Igor Nikolayev, director of strategic analysis at consulting firm FBK, said the PMI data suggested that growth was contracting as the country draws closer to elections. "The bigger issue for businesses is the uncertainty that comes with elections," Nikolayev said. "The problem is not about who gets elected eventually as there is already an element of unpredictability in the actions of the politicians." Russian politicians have been piling up certain social and financial obligations in an effort to broaden their appeal and please the electorate ahead of parliamentary elections in December and presidential elections next March, Nikolayev said. "At first they raised payroll tax to 34 percent and now they promise to reduce it. They raised the excise duties on petrol and created shortages of oil, and so on and so forth. As a result, businesses are jittery. They are delaying new investments in fixed capital while also reducing the volume of orders," Nikolayev said.

On the upside, the current strength of business conditions was sufficient to generate a further rise in manufacturing employment in April, extending the current sequence of hiring growth to seven months, the report says. Russia's unemployment rate has been falling steadily since reaching an historic high of 14.6 percent in February of 1999, according to the State Statistics Service. The number of Russians unemployed stood at 7.1 percent in March - a 13.4 percent decline compared to the same period last year. However, as new orders rose more slowly, the rate of job creation has eased to a marginal pace, the authors of the report said.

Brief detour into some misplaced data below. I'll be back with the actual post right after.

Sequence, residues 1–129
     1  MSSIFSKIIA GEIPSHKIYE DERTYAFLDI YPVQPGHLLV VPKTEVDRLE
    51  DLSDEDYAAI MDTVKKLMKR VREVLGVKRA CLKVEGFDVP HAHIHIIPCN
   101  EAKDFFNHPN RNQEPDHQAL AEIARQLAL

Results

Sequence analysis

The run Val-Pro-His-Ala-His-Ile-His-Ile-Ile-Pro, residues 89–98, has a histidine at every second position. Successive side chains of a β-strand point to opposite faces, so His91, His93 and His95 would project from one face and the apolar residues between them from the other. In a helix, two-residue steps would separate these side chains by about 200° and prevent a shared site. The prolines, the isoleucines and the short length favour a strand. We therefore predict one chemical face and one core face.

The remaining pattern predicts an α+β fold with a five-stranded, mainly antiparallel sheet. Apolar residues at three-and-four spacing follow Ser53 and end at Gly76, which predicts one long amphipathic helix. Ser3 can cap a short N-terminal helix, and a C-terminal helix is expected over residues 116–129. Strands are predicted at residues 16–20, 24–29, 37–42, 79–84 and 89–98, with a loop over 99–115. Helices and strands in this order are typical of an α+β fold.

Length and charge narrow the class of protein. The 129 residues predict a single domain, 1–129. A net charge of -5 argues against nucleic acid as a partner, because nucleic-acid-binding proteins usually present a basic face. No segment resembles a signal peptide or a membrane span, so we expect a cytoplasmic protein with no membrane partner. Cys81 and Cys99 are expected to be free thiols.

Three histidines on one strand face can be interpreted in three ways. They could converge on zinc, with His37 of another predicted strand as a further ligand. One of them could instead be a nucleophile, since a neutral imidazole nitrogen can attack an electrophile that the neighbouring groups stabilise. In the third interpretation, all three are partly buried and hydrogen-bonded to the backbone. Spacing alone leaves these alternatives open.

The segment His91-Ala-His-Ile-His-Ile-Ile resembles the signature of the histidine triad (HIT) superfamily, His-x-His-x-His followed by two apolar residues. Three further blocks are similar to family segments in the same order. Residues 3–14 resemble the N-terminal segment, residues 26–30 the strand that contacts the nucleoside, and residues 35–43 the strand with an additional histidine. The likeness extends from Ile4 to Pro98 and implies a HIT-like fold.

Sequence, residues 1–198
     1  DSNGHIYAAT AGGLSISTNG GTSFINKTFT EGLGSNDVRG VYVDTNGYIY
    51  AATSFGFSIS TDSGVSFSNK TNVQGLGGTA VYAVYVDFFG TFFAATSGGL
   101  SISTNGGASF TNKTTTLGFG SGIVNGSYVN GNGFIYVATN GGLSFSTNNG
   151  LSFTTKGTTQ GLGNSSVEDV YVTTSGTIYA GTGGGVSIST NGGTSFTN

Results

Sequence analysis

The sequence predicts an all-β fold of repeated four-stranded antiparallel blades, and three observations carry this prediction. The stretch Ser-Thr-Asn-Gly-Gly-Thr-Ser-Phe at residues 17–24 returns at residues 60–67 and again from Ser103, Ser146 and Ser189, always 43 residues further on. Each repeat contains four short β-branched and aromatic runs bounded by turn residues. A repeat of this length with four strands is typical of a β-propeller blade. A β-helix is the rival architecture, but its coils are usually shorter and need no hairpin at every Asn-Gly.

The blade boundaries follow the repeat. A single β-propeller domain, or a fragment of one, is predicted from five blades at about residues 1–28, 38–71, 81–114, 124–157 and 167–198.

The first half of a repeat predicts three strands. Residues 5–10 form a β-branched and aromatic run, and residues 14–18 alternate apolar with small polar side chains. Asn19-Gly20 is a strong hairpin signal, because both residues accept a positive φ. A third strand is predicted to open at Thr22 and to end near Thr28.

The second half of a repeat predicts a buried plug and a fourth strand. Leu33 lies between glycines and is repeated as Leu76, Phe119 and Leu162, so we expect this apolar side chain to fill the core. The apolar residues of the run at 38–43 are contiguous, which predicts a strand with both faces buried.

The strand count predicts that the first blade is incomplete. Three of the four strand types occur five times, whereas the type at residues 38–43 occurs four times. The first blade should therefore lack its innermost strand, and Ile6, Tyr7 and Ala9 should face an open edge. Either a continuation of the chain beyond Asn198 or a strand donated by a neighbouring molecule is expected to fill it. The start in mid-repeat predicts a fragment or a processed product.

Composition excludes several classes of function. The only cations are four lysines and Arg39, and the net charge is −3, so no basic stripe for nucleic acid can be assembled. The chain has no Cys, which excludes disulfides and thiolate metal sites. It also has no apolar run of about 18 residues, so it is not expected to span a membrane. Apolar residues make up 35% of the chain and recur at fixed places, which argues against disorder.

Weaker new business flows also led to a moderation in the growth of purchasing activity by Russian manufacturers in April. This alleviated pressure on suppliers somewhat, as average input delivery times lengthened to the weakest extent since December 2009. "A decline in new export orders is worrisome, as it usually points to the direction of change in overall manufacturing growth momentum in the coming months," Alexander Morozov, Chief Economist at HSBC Russia and CIS, said. "At this point, we expect export demand weakness in Russia to be temporary, as we are observing strong growth momentum in manufacturing in other key world economies." What has changed, however, is that the impact of export demand and manufacturing growth on Russian GDP growth has declined, he said. "It raises the importance of a growth pick-up in other sectors in order to sustain overall growth momentum in the economy," Morozov said. "Despite the registered ease of inflationary pressures, they remain elevated. With the year-on-year PPI growth rate currently exceeding 20 percent, there are little grounds for complacency about inflation."

Russian industrial production rose an annual 5.3 percent after a 5.8 percent increase in February, the Federal Statistics Service figures show. Compared to the yearly average of 8.2 percent gained in 2010, industrial production has remained weak as growing producer prices continue to hamper investment while restraining output even as demand for commodities picks up. Morozov predicted that the value of PMI in the manufacturing industries in Russia will average 52-53 points, closer to the PMI for April boosted by consistent industrial growth of between four and six percent. "That suggests that the manufacturing sector will grow more slowly than in 2010, and even slower than before the global economic crisis," Morozov said.